Wild Raccoons

July 15, 2013

As you might imagine, my email box these days is full of comments and suggestions about the disastrous Community Plan that Vancouver City planners are trying to foist on us.  However, for the last few days, the majority of my emails have been about aggressive raccoons.


The first note I received described a boy’s encounter:

“when he moved towards the back door he found 2 large and 2 slightly smaller raccoons blocking his way. one became very aggressive, “growling and snarling” at him. They were not alarmed when he picked up a rake and swung it or at his yelling and waving his arms … it took him well over a half hour and a walk around the block before they “allowed”him to enter our house.

I circulated the email to a number of neighbourhood groups for advice and got a lot of news back.

The first piece of advice was that residents should call 1-877-952-7277 to report “dangerous urban wildlife,”  and everyone agreed that feeding the raccoons was a bad idea. Others mentioned that the adults were probably just protecting their offspring which were out of sight. And someone else reminded us all that

“raccoons are protected under the Wildlife Act. It is illegal to trap or kill them without a licence.”  However, “they have opposable digits on their paws and can use them to open things. They can also use them to grab and hang on to your leg and chew.”

One interesting suggestion as to why the raccoons are apparently becoming more aggressive:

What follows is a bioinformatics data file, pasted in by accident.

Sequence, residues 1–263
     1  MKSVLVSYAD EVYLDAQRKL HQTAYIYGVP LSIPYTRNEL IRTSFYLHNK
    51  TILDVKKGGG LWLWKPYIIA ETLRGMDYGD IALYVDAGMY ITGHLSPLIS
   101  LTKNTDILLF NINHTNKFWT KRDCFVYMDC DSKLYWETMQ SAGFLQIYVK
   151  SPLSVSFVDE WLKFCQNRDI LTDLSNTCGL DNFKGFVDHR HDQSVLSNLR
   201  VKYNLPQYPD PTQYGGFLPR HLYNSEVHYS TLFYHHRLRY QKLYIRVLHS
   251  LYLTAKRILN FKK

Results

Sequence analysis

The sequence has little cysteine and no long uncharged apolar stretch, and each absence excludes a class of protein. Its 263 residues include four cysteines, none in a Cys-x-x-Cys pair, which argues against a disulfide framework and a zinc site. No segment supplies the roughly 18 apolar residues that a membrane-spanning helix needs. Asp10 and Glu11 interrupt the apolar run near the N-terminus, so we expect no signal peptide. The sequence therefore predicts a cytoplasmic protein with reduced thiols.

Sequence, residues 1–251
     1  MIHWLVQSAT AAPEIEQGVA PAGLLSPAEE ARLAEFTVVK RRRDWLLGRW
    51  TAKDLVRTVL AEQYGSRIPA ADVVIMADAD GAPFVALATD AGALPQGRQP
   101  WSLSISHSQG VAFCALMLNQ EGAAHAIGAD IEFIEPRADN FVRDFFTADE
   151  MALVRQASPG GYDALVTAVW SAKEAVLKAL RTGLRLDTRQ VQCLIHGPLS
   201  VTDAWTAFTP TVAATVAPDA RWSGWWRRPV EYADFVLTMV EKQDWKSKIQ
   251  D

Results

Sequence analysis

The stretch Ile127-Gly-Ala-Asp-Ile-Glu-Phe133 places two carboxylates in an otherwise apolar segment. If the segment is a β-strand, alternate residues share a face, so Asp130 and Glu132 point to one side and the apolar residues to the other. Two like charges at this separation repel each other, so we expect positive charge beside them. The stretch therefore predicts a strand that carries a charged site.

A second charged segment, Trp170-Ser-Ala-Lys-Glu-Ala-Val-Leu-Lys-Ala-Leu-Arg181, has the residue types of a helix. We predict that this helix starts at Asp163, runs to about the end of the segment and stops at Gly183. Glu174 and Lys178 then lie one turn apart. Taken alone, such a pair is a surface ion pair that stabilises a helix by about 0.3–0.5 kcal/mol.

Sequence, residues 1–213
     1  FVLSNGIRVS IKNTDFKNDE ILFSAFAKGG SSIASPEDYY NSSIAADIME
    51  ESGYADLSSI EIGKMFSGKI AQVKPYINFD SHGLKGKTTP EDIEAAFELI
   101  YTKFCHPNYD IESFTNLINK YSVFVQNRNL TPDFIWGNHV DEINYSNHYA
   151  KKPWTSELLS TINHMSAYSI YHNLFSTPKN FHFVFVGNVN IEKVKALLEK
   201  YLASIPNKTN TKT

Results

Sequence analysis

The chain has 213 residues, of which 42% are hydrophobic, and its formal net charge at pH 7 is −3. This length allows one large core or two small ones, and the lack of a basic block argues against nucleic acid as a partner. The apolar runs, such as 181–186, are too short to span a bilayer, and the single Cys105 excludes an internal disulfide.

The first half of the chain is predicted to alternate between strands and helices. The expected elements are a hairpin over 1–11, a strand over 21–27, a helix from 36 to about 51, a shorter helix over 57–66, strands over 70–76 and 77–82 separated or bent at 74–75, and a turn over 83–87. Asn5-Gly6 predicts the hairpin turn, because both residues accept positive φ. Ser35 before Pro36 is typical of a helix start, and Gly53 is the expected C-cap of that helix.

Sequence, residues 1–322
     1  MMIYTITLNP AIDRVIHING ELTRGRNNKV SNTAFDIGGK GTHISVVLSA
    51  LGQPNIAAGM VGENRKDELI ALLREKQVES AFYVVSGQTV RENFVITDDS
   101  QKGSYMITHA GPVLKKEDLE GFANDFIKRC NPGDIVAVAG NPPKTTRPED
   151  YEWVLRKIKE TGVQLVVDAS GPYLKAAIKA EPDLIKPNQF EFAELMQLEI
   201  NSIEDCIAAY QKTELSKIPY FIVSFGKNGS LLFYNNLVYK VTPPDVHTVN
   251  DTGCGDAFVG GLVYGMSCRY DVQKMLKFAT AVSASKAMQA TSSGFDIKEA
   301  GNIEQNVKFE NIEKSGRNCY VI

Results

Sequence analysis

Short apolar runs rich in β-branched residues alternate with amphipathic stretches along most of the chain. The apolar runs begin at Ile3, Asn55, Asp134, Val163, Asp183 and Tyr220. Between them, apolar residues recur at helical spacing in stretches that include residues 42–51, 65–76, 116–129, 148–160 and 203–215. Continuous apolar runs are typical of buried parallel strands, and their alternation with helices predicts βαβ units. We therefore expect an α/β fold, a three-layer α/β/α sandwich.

“I have been wondering if our urban coon population may be going through tough times as the green bin program has taken effect. There’s more food waste out, but it’s in bins that don’t open, instead of garbage cans they can more easily tip. I wondered this because a month or so ago our garbage can – which now has next to nothing in it, but probably some smelly wrappers – got tipped every single night for several weeks in a row. It made me wonder if they’re having to hunt farther and wider, with less luck, for their usual urban foraging. And if they’re a bit hungrier than usual, they could be a bit more aggressive and territorial.”

I have no idea what is causing this rash of aggressive sightings, but I am fascinated that so many people in the neighbourhood are witnessing the same phenomenon.  We have a few coons on my street, but they seem happy enough to scuttle away when I get near.  I really like seeing them, but perhaps I have just been lucky.